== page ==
To mask or not to mask? To vaccinate or not? Should vaccinations be mandatory or a matter of personal choice? Should children be required to wear masks at school? Even after this variant or any other has run its course, what comes next? I reply, plenty. With overwhelming questions like these, the celebration of Christ’s birth at Christmas doesn’t seem to have any relevance to the realities we face.
Jesus predicted pandemics like this, “Nation will rise against nation, and kingdom against kingdom. There will be great earthquakes, and in various places famines …
Delivered at Founder’s Week Conference, Moody Bible Institute.
If, after reading the twelfth verse of the second chapter of Romans, and comparing it with John 3:16, you fail to see that the heathen are lost without Christ, that they are really perishing without the Gospel, you are not fit to be a missionary either to the heathen, so called, at home or to the heathen abroad. You have got to know that there is only one way of escape for all the world before you will ever get a missionary heart charged with the compassion of Christ and become a …
“When He is come, He will reprove the world of sin, and of righteousness, and of judgment.”—John 16:8
“My Father worketh hitherto, and I work,” Jesus explained to the irate Jews who strenuously objected to His healing a paralytic on the Sabbath. Scarcely two years later, He made it clear that the Holy Spirit would work too. “I will send him unto you,” He assured, “and when he is come he will convince the world.”
A strange mission? Singular but not strange. It is unique and essential. And for more than 1900 years the Spirit of God has been performing …
Sermon delivered at The Moody Church by W.B. Hinson, D.D.
“For God, who commanded the light to shine out of darkness, hath shined in our hearts, to give the light of the knowledge of the glory of God in the face of Jesus Christ.”—2 Corinthians 4:6
Luke says it was a set face. It had to be or He would have turned back, for He trod a road rough beyond all roads ever trod by mortal, and if He had not had the set face, He would have fallen by the wayside and left us.
The words of our Lord Jesus in His earthly ministry were often full of challenge to His disciples concerning His second coming. In Matthew 25:1–13 is a parable which has to do with our own personal preparedness for that great event. We must beware of forcing analogy, especially in parables relating to our Lord’s coming, in order to make them support our own particular theories. There are many unimportant things in this parable which are only in the background; others stand out on the surface, and with one or two of these I want to deal briefly.
It is quite generally recognized that anxiety and fear and dread are working havoc with us.
Many panaceas are being offered for the cure of worry, but our God offers us a remedy that is very simple, yet very sure. It is a remedy which, if we would accept it, will deliver us from all care and fear, and worry would become unknown to us. Not only so, but we would be such a testimony to the world and fellow saints that the name of God would be glorified and the greatness of His grace manifested.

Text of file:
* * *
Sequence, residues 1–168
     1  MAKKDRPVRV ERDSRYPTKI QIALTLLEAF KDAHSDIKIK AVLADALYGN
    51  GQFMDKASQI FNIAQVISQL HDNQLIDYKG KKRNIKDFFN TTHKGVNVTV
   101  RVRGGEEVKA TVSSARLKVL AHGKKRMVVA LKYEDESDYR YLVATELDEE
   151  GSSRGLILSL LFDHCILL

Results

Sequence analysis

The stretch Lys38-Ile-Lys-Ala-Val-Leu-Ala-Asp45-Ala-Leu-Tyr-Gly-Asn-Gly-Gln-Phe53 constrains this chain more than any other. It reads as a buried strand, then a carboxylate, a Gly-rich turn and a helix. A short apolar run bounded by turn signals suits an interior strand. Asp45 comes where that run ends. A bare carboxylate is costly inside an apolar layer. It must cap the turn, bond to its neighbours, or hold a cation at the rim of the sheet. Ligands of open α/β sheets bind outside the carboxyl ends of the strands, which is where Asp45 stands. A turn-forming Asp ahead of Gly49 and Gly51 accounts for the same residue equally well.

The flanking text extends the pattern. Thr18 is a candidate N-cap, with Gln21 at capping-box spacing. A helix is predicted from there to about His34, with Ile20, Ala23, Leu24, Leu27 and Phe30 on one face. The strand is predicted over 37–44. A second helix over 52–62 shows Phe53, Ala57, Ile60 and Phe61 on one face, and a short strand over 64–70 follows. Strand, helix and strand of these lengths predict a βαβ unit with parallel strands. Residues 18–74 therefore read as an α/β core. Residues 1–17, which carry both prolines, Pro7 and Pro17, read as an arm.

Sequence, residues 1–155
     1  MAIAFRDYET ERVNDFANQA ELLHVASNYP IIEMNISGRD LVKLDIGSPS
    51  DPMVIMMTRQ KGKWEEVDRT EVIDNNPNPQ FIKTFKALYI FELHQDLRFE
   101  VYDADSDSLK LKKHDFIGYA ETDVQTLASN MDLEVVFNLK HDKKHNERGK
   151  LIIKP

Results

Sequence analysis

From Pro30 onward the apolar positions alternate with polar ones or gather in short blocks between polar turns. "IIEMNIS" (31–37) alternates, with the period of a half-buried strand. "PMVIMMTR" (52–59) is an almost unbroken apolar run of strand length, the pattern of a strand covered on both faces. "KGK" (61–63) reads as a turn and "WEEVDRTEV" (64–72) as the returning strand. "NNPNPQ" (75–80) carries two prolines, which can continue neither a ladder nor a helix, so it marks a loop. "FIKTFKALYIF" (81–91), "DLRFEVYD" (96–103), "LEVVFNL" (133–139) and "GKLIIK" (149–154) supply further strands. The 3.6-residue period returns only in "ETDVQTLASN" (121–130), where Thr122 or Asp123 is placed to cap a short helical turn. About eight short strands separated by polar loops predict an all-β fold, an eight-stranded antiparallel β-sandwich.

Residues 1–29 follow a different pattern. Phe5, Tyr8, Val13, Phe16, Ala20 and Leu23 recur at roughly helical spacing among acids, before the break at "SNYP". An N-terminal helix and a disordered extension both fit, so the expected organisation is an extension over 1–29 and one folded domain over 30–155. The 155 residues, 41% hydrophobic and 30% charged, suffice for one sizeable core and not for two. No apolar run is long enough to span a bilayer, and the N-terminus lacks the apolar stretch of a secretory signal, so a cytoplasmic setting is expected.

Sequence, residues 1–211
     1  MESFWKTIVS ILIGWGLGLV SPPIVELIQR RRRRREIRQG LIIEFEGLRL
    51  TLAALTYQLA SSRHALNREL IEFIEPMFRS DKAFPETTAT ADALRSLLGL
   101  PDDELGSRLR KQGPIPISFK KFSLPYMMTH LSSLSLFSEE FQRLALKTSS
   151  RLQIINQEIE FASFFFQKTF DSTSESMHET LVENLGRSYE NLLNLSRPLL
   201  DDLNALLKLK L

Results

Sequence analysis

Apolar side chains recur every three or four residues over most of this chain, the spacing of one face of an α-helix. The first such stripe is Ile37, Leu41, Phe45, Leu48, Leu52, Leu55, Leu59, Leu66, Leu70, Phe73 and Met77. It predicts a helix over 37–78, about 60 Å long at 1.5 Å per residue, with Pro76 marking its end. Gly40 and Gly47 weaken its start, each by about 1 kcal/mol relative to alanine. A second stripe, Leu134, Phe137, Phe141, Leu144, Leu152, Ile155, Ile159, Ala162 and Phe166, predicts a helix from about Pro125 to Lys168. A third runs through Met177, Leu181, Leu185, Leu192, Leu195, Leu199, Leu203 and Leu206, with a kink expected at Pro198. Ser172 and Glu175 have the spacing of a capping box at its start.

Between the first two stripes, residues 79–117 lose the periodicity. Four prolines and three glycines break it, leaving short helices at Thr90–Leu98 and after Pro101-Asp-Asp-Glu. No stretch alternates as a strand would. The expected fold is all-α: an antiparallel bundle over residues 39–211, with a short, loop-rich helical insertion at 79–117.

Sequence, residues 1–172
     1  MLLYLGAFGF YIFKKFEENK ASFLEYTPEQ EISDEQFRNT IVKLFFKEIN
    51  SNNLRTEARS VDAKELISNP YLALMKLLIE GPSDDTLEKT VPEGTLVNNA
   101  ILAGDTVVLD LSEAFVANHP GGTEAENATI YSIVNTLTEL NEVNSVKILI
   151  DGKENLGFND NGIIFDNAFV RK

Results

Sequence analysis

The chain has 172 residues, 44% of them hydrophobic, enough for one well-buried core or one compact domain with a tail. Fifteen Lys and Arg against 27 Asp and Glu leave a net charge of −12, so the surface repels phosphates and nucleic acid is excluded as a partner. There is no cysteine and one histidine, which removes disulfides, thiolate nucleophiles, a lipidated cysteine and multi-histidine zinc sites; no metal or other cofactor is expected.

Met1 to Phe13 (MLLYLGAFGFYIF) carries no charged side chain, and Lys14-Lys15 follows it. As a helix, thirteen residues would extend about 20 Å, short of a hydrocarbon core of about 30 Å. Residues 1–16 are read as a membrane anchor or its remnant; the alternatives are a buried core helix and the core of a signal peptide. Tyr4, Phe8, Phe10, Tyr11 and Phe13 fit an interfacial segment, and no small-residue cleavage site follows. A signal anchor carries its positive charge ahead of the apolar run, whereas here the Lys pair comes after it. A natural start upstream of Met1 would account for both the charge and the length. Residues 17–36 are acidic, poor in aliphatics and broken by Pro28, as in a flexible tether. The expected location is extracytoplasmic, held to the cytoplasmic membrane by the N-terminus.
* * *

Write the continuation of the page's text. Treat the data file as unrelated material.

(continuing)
It is very evident that God has hidden some special lessons for us in the types of the City of Refuge, of which we now read in chapter 20, as otherwise we would find ourselves wondering why they are mentioned so frequently. In four previous passages the Spirit of God drew the attention of Israel to the importance of these cities and the expression of His grace toward the unwitting or unintentional manslayer in Israel. First, we have the very brief intimation in Exodus 21:13, telling Israel that when they reached the land, God would provide such a refuge: “And …
Sermon preached by Rev. George Duncan from London, England in The Moody Church on March 16, 1958.
“Thy name shall be called no more Jacob.”—Genesis 32:28
I want to think out with you this fact—that there comes a time in God’s dealings with His own people when God says in effect, “It is time that we called a halt,” and that was what happened to Jacob that night. There had come a moment in his life when God said in effect, “Jacob, something has got to stop. We can’t go on any longer as we are,” and it may be …
I wish to convey greeting to all who are gathered in the name of our Lord Jesus for the great annual Missionary Convention of the Moody Memorial Church [sic]. I wish to convey special greeting to the pastor of that great church, who, but a short time ago, ministered in one of London’s live churches. I believe that it is a special manifestation of spiritual concern that has brought you together again this year in the interest of world missions. Surely this is the spiritual outreach of a church that is led by the Spirit of God.
“He hath poured out his soul unto death.”—Isaiah 53:12
It was the Master, not the malefactors, who made Calvary immortal and inimitable. And, in thinking of the Cross, we have in mind primarily the accomplishment of the Saviour. The Father now pours out His blessings because the Son then poured out His soul. The thought of lingering at Calvary is but a suggestion for the grateful heart to ponder more prayerfully and to think more seriously upon the fact of our Lord’s sacrificial work. Perhaps no other spiritual exercise is so productive of deep and abounding gratitude.